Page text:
Why Active Listening is the Best Customer Service Skill

Why Active Listening is the Best Customer Service SkillThey say the key to any healthy human relationship is effective communication. This principle also applies to the relationship between a customer and a customer service or sales representative.

Active listening is the foundation of effective communication. Behind every customer call is a real person, looking for guidance or a solution to a problem. It’s critical to engage in active listening in order to make that person feel truly heard, understood, and served. Here’s why active listening is one the best communication tools every customer service call center representative should master.

The Contact Center Playbook for Improving Customer Satisfaction

Customers Want to Truly be Heard and Understood

Vocalizing our thoughts and feelings, regardless of our gender is an innate part of our human experience. In fact, we even have a vocalization protein in our brains! As humans, we listen to far less words than we think about. On average, humans are able to actively listen to 125 to 250 words per minute, but can think about words at a rate of 1000 to 3000 words to per minute.

So, even though actively listening may be a challenge, it’s critical to providing a great customer service experience. In fact, research finds that 60% of business problems can be attributed to poor communication. And, since phone calls are still the consumers’ preferred method of contacting customer service, exercising the skill of active listening will reap valuable returns for any organization.

Actively Listening Means Asking Follow-up Questions

One of the best ways to reassure someone that you’re really listening, is of course, to ask a lot of follow-up questions. This keeps the conversation alive! I can tell right away when my husband isn’t really listening to me, because he’s completely silent while I’m talking. Sometimes this means he’s taking in what I’m saying (rarely!), but usually it means he’s only half listening. Ironically, it’s actually when he’s being more vocal – asking a lot of questions, following up on previous points, and engaging in dialogue, that I truly feel heard.

Actively Listening Means Asking Follow-up Questions

It can be really tempting to want to wrap up each customer call as quickly as possibly, and move on to the next person or ticket in your queue. But, the customer service representatives who truly understand effective communication know that each customer call needs time. Customers shouldn’t be rushed. Asking follow-up questions makes customers feel that they are being given the time they need to voice their concerns and even ask their own questions.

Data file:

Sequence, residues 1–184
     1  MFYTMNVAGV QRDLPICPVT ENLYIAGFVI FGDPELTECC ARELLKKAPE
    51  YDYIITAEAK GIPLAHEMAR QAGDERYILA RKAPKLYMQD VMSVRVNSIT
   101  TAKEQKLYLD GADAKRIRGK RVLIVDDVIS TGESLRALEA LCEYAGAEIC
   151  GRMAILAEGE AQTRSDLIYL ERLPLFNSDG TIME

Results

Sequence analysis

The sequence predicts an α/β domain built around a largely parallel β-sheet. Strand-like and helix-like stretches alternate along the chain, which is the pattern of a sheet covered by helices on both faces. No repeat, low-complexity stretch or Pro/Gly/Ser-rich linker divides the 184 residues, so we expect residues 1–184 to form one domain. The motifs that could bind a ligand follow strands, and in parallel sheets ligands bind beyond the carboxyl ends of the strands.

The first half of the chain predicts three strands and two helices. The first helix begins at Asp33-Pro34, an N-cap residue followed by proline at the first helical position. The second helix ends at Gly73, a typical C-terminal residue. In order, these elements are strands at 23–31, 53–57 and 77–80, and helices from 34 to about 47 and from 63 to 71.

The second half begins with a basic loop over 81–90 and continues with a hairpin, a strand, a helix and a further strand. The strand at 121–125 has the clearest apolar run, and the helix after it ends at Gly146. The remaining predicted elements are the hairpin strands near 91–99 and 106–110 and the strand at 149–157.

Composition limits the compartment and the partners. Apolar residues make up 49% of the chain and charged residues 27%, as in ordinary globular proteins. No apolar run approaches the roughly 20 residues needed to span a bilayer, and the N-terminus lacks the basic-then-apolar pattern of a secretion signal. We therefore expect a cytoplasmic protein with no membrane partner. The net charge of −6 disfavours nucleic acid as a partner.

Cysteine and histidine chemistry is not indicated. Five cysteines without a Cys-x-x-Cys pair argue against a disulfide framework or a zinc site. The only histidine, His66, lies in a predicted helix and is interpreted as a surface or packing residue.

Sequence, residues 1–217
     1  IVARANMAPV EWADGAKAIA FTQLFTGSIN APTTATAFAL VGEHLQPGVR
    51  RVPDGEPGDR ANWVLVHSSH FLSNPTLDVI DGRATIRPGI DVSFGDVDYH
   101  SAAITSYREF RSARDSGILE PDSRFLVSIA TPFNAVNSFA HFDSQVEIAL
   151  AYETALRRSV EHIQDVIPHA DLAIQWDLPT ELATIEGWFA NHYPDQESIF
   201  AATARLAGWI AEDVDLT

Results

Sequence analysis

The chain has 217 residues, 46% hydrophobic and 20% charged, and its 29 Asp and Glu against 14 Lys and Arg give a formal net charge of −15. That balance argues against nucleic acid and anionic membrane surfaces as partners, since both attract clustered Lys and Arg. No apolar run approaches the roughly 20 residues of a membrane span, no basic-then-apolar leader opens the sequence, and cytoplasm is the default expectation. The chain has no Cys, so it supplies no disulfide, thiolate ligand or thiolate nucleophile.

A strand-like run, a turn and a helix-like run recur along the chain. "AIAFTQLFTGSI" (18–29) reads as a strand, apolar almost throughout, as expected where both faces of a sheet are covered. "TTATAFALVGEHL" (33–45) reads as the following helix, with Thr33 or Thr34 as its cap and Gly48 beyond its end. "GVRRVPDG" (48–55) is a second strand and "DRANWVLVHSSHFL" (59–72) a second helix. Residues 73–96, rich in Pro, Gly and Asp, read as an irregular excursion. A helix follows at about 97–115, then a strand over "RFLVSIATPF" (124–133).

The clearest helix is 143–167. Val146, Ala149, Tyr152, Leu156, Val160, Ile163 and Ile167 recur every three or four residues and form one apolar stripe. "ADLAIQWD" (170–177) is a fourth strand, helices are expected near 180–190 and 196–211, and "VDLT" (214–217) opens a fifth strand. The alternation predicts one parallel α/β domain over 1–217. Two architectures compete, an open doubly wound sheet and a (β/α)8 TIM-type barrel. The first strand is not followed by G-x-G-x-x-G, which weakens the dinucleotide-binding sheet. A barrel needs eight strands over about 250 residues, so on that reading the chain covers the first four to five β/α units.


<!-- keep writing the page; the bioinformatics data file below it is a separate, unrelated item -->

One of the best ways to not have to rush a customer call is by giving the customer the option of receiving a call-back. This allows customer service reps to really take their time with calls, since they don’t have to rush through their queues. And, it makes customers feel as though their time is valued, rather than being wasted waiting on hold.

Active Listening Fosters Understanding and Empathy

Most people call or contact customer service if they’ve encountered a problem with a company’s product or service. That means, more often than not, call center agents have to exhibit a great deal of calm and patience as they navigate each customer’s concerns. Active listening is especially critical in situations where customers are upset, frustrated, and perhaps exhibiting some hostility. By asking follow-up questions, relaying back their situation, and empathizing with their frustrations, customers feel truly understood and taken care of.

We can all relate to being on the phone with a call center agent who is clearly stuck on their call script, and doesn’t seem to care about your concerns. The purpose of having real people at customer service call centers is to offer that personal touch and interaction for consumers, rather than them having to go through automated messaging. Being able to have a real, authentic conversation is what keeps consumers engaged and coming back. Call center strategies that lose that authenticity ultimately lose customers.

 

There’s a reason our mothers drilled this saying into us, “you have two ears and one mouth; listen twice as much as you speak”. Actively listening truly is the key to effective communication. Developing and using that skill in customer service calls means having the opportunity to win a raving, life-long customer.


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The Contact Center Playbook for Improving Customer Satisfaction

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  • What is CSat, NPS, and CES
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